A third way is if there’s a leak in the gasket that seals the connection between the engine block and the cylinder head. Any of these leaks can allow oil to enter the alternator, where it can damage the bearings or other parts.

The engine oil dripping on the alternator will also attract dust. Apart from oil, which is already bad enough, the alternator will have dust buildup. When dust mixes with oil, it will become like gunk and will block the normal operation of the alternator.

The alternator is saturated with oil, and probably the bearings are going out, or it’s catching on fire on the inside, from all the oil and dust buildup. You need to replace the alternator and fix any oil leak that’s causing the oil to leak onto the alternator.

2. Improper installation of the alternator

When a car’s engine is running, the alternator charges the battery and powers the car’s electrical systems. If the alternator fails, the battery will eventually run out of power, causing the engine to shut down. One reason that alternators keep burning out is if they are installed improperly.

If the alternator is not properly secured, it can become loose and potentially damage the other parts of the car’s electrical system.

Most mechanics will test the alternator before they install it to make sure it is in good working condition. However, if a mechanic does not properly secure the alternator, it can eventually become loose and fail.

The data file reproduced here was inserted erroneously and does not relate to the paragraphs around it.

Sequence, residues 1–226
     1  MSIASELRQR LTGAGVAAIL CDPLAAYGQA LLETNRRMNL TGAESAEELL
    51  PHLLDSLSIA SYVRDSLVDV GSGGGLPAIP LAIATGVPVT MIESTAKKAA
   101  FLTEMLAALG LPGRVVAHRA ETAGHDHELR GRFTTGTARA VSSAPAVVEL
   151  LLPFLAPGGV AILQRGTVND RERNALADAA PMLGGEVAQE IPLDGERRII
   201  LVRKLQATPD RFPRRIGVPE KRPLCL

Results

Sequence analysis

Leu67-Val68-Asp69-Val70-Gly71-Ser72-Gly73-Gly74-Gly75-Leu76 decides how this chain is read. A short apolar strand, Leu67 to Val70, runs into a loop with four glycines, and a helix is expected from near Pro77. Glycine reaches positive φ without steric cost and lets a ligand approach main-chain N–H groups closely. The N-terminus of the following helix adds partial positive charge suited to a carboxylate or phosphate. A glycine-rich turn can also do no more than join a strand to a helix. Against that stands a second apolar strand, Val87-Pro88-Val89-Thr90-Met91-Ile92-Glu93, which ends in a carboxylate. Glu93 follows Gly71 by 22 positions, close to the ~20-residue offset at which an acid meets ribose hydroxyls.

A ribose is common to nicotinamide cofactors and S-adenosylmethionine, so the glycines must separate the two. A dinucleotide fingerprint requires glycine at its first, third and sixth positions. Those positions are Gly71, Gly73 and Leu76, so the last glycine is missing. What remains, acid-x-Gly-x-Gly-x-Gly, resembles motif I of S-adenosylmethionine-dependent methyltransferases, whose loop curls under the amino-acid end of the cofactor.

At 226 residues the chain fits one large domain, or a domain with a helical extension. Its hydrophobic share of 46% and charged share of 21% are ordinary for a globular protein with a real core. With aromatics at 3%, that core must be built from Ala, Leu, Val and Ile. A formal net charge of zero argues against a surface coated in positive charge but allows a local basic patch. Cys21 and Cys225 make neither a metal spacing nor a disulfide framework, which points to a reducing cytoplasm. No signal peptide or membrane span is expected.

Also, while installing the alternator, sometimes the person who is doing the installation can mix up the wiring and connect it wrong.

There is also a protective boot that goes over the power cables and prevents any unintentional grounding or arching. If this boot isn’t placed on, water can get in and burn the alternator immediately.

3. Modifications that overload the alternator

Modifications that overload the alternator is one of the leading causes why a car might keep burning out the alternator. When you overload the alternator, it puts strain on the electrical system and can cause a number of problems. It can overheat and fail, or it can simply wear out over time. Either way, it’s important to be aware of the potential risks before you make any modifications to your vehicle.

One modification that can overload the alternator is adding a powerful stereo system. If you have a powerful car stereo, it can draw a lot of power from the battery and cause the alternator to work harder. This can eventually lead to the alternator burning out.

Another modification that can overload the alternator is installing aftermarket lights. Aftermarket lights, such as HID headlights, can draw a lot of power and put a strain on the alternator.

Other modifications, such as installing a nitrous oxide system or an electric turbocharger, can also put a strain on the alternator and cause it to fail prematurely.

If you’re not sure whether a particular modification will overload the alternator, talk to a professional or consult your vehicle’s owner’s manual. Otherwise, you could end up causing serious damage to your vehicle – and yourself.

4. High resistance in the charging output circuit between the alternator and battery

My Car Keeps Burning Out Alternators (8 Reasons Why This Happens) 2

A car’s alternator is one of the most important components in the engine, as it is responsible for charging the battery and powering the electrical system. When the alternator fails, it can cause a number of problems, including a dead battery, dim headlights, and electrical problems.